On physical, I've bought a lot of light novels, but for some reason I'm really reluctant about buying manga. I've only bought Yotsubato straight from Amazon Japan.

Like Justin said, usually I only read (or watch or play) most things once. Why watch something I've already watched when I can watch something new? There are some times when I feel like rewatching something, but that's years later and new things have priority most of the time anyways.

That's why I don't like buying digitally. If I'm only reading it once, I'd like at least a pretty book to admire later. However, a subscription model with a big library is different. I would definitely give my money to that. If it is available in my country, anyways.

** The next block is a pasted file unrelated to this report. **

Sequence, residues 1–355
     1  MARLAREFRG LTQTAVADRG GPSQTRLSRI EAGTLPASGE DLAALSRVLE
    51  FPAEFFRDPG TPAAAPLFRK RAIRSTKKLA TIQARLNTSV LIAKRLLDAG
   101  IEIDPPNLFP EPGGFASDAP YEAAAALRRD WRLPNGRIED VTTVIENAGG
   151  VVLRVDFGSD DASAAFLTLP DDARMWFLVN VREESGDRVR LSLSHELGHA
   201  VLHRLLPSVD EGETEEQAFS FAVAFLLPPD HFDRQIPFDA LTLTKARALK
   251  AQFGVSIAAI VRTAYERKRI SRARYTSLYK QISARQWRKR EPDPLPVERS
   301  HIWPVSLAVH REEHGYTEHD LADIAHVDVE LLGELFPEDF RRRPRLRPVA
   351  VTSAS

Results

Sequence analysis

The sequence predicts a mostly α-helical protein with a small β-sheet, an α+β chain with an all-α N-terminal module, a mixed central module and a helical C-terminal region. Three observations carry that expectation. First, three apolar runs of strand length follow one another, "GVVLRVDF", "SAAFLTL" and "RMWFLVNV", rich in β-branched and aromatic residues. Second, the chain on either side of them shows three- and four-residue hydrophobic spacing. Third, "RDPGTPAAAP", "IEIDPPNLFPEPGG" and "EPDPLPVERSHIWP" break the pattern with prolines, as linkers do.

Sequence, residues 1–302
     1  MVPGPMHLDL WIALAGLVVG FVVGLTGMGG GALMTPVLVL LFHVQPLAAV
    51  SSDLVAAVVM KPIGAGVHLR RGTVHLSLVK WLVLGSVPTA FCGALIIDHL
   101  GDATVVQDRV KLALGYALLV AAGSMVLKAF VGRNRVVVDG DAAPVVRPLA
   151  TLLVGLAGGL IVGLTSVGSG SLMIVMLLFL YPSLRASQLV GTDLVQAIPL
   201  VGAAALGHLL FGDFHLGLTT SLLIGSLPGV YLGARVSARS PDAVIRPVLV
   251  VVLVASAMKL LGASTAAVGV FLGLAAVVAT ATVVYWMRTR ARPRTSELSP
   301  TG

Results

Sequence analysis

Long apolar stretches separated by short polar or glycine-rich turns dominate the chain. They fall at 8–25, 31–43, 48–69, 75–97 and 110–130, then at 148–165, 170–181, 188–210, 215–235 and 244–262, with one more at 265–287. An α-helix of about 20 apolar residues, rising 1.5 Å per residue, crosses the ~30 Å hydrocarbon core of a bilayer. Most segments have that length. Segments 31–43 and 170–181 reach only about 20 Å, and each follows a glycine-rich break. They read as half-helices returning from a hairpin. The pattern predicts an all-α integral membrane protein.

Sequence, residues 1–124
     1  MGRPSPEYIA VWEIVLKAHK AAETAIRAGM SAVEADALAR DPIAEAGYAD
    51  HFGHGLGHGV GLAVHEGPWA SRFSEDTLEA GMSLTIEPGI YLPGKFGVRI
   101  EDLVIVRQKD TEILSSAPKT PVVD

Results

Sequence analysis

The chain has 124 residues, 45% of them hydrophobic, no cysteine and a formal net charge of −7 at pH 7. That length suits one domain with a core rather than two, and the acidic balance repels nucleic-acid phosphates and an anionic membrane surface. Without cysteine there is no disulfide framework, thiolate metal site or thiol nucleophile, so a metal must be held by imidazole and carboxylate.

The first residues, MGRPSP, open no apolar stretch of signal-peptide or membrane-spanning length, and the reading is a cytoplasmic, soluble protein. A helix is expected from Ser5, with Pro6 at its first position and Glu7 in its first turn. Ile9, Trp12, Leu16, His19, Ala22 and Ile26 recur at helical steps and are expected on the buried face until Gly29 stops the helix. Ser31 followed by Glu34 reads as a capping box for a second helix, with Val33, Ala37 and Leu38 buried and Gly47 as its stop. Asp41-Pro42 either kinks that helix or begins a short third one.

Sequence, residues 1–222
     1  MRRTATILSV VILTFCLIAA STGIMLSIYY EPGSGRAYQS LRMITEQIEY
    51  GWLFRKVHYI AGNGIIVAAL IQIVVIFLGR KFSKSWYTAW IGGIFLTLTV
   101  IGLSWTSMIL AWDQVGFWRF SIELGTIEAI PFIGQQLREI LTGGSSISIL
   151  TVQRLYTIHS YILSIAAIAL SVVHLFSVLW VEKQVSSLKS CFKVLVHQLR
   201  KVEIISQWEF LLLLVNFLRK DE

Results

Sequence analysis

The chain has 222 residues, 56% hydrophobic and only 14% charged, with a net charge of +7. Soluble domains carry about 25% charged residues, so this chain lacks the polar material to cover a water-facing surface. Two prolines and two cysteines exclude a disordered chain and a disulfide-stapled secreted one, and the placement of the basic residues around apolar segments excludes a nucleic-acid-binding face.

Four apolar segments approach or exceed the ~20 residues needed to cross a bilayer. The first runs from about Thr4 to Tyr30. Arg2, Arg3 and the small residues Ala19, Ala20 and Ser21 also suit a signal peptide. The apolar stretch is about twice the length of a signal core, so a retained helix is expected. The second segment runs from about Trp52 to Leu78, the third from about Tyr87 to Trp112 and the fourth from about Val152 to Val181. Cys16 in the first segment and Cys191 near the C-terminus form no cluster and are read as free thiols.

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WingKing



Joined: 27 Apr 2015
Posts: 585
PostPosted: Fri Apr 01, 2016 2:08 pm Reply with quote
DRosencraft wrote:
At the same time, you would almost certainly be talking about delayed releases. Best selling novels don't show up in the library right away. They stay in the public purchase market for a while before they make it to the local library shelf for you to read basically for free. And remember, the library only has so many copies of any one book. I imagine that for a large on-line library model, there will be an insistence on some sort of waiting period at first, so that the publisher and associated parties can capture as much of the initial sales as they can. Otherwise, they'll likely make the subscription cost timed per book/manga (more in line with online movie rental models) or the subscription cost fairly steep.